Equine Cushings-like Syndrome (PPID)
By Nick Page, BVSc
PPID appears much more commonly in older middle-aged to aging equids. Certain species and breeds appear more at risk of developing the disease (Morgan horses, ponies and possibly donkeys).
The laminitis symptoms are thought to result from the influence of excessive cortisol secretion on blocking the effects of insulin on target cells, which in turn can directly result in constriction of small arterioles supplying oxygenated blood to the foot. Also, this can result in a type-2 diabetes situation similar to humans resulting in high levels of circulating glucose, which causes similar vascular effects as described above.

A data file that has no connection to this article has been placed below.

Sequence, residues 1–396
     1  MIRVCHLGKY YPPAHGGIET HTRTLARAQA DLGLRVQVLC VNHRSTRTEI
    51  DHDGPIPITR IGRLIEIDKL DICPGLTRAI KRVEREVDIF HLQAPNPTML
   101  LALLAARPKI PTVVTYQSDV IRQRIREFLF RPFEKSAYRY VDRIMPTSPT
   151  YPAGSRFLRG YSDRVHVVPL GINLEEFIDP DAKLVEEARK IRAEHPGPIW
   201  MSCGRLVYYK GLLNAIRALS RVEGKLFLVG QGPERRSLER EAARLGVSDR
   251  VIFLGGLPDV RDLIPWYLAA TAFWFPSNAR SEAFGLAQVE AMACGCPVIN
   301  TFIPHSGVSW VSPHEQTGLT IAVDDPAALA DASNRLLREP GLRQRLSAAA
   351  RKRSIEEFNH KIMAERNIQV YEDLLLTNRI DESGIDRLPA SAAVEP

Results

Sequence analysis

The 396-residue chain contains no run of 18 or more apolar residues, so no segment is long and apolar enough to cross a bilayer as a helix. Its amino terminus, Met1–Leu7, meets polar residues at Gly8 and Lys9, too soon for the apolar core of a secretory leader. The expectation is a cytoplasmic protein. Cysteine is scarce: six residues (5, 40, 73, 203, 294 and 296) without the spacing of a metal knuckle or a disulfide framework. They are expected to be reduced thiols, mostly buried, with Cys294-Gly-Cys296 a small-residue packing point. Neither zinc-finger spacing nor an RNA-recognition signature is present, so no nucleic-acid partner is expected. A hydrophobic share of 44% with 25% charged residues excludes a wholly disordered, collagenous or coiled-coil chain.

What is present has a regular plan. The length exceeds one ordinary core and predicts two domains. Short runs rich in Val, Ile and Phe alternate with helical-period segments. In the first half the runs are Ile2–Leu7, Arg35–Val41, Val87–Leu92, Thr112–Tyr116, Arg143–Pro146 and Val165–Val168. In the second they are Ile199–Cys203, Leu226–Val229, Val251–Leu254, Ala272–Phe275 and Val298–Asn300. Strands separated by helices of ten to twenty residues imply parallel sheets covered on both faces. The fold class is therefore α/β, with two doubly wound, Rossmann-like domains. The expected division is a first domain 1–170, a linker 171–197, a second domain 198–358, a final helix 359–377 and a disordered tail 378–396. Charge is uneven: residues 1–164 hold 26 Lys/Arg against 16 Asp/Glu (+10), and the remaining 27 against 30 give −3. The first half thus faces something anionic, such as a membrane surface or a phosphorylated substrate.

The result is that the cells of the laminae of the hoof get inadequate oxygen supply and die. This results in laminitis, the details of this specifically can be covered in a future article.
PPID should not be confused with Equine Metabolic Syndrome (EMS), which is a separate stand-alone disease. EMS also commonly results in laminitis, but its diagnosis and treatments are different from that of PPID.
Dr Nick Page has been a practicing veterinarian for over 20 years now. He has a passion for surgical diseases and treatment and throughout his career has amassed specific skills in more advanced surgical treatments and diagnostics associated with surgical diseases. Nick has a specific interest in equine medicine He holds administrative and clinical roles with Equestrian Sport New Zealand with a portfolio in the Endurance discipline .
Nick practices at Rolleston Veterinary Services in Rolleston, NZ .